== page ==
Experts at a seminar titled 'Cross-Border Terrorism: Challenges in South Asia and its Neighbourhood', hosted by The Democracy Forum at the University of London's Senate House, opined that South Asia and its neighbours are facing growing threats from cross-border terrorism. Taha Siddiqui, a Pakistani journalist who is now living in exile, offered a brief history of Pakistan's obsession with jihadi proxies in the region.
"The Pakistan military protects itself by keeping the threat of India alive and though Pakistan initiated conflicts with India, it told the public it is only countering Indian aggression. Pakistan relies on internally-based militant groups to keep tensions simmering, and the army has the 'perfect excuse for a tax burden' on the country's economy, creating a Mafia-like protection racket. The military creates its own demand in Pakistan," Siddiqui said while addressing the audience.
"Can the Financial Action Task Force (FATF), the UN and other international bodies and governments compel Pakistan to give up its `jihadi' proxies in the South Asian region?" was the key question put forth by Taha Siddiqui. He spoke of the international commitments Pakistan should fulfil and the pressures it should face for its actions in sponsoring terrorism.
He also spoke of how military proxies have been operational during natural disasters in Punjab and Pakistan occupied Kashmir (PoK), working within the public under the guise of 'charity groups,' labelling Balochistan as 'a hotbed of terrorist groups'. Dr C Christine Fair from the Edmund A Walsh School of Foreign Service at Georgetown University examined Pakistan's enduring imperative to use cross-border terrorism to try and resolve its basic conundrum; it wants to try and change maps, but it has an army that cannot win wars and has nuclear weapons it can't use. So it has settled upon a strategy of proxy war in Kashmir and elsewhere in India under the safety afforded by its nuclear arsenal, according to Fair.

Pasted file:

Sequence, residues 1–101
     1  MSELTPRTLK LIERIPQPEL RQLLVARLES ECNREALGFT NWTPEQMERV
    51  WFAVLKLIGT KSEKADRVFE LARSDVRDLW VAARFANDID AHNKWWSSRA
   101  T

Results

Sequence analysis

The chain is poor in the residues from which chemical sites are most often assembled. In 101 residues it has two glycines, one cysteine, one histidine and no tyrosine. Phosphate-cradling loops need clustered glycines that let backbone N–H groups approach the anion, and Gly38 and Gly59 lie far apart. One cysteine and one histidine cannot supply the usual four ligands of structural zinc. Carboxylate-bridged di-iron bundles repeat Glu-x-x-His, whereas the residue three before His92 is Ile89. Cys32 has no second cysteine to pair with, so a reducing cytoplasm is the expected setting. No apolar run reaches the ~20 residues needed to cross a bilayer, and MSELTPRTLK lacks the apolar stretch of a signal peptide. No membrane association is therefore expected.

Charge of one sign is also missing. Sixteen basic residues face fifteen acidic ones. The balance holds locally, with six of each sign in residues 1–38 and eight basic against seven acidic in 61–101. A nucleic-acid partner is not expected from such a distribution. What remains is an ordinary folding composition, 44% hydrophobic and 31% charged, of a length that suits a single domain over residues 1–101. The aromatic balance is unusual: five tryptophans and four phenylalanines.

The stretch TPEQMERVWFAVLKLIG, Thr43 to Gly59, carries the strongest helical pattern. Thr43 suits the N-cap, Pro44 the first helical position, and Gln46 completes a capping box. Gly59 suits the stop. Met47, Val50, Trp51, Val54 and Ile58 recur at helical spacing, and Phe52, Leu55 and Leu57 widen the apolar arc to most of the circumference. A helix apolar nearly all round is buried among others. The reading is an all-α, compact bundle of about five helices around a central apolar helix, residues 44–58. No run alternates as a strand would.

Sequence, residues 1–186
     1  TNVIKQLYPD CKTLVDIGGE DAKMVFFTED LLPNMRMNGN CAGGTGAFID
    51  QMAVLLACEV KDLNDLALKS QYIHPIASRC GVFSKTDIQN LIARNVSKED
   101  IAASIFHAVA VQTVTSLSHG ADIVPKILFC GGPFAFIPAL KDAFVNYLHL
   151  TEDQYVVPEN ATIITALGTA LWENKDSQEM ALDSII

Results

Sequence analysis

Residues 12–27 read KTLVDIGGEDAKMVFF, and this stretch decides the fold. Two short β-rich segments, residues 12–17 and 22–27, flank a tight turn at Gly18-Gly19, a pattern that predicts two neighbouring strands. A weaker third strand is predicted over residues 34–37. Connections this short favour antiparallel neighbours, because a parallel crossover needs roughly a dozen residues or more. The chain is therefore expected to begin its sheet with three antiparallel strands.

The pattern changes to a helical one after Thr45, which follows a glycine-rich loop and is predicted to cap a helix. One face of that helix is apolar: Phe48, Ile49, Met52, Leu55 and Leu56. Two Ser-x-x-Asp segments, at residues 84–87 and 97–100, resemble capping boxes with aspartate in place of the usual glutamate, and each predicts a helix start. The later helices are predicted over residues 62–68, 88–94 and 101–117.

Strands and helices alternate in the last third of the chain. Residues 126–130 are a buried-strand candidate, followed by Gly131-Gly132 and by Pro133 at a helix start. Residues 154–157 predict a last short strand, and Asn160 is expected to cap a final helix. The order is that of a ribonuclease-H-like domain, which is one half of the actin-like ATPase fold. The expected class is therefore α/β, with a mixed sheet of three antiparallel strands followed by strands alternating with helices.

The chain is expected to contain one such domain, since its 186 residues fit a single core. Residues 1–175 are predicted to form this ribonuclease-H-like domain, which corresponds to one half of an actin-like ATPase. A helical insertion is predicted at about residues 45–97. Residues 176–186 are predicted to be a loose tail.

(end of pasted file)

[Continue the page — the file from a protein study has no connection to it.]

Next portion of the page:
She looked at the Pakistan puzzle from the perspective of policy-makers, particularly the US, saying that, although people talk about an India-Pakistan dispute, most people who are knowledgeable know that 'this is really Pakistan's dispute with India'. Fair also addressed how Pakistan's nuclear umbrella has enabled it to engage in sub-conventional warfare with India with impunity, and Pakistan's 'geographic revisionism vis-a-vis India', having 'located itself as the only country to resist India's rise'.
Introducing the topic, seminar chair and former BBC Asia correspondent Humphrey Hawksley spoke of the 'melee of insurgencies in South Asia' and how terrorism, wherever it happens in the world, is far bigger than its local elements, with insurgencies always requiring the support of big powers. Fatemeh Aman, a Senior non-resident Fellow at the Atlantic Council's South Asia Center, focused on insurgencies in Iran's eastern and western border regions, considering how the Iranian authorities' responses to cross-border terrorism have impacted on both the internal politics of the country and its relationships with its South Asian neighbours, especially Pakistan.
She discussed the root causes of terrorism in different regions of Iran and how some insurgent groups such as the Salafis enjoy the support of the Iranian intelligence community to fight other insurgents and looked at the rise of ISIS and Islamic State Khorasan in Afghanistan. Despite what one hears from Washington, Aman said, "I do believe Iran is interested in peace talks between the Taliban and the Afghan government."
Rounding off the proceedings, TDF Chair Barry Gardiner, who is also a Member of Parliament of the United Kingdom and Shadow Secretary of State for International Trade, highlighted the profound influence our neighbours have on us. "Scratch history, find geography," he said.
(With inputs from agencies.)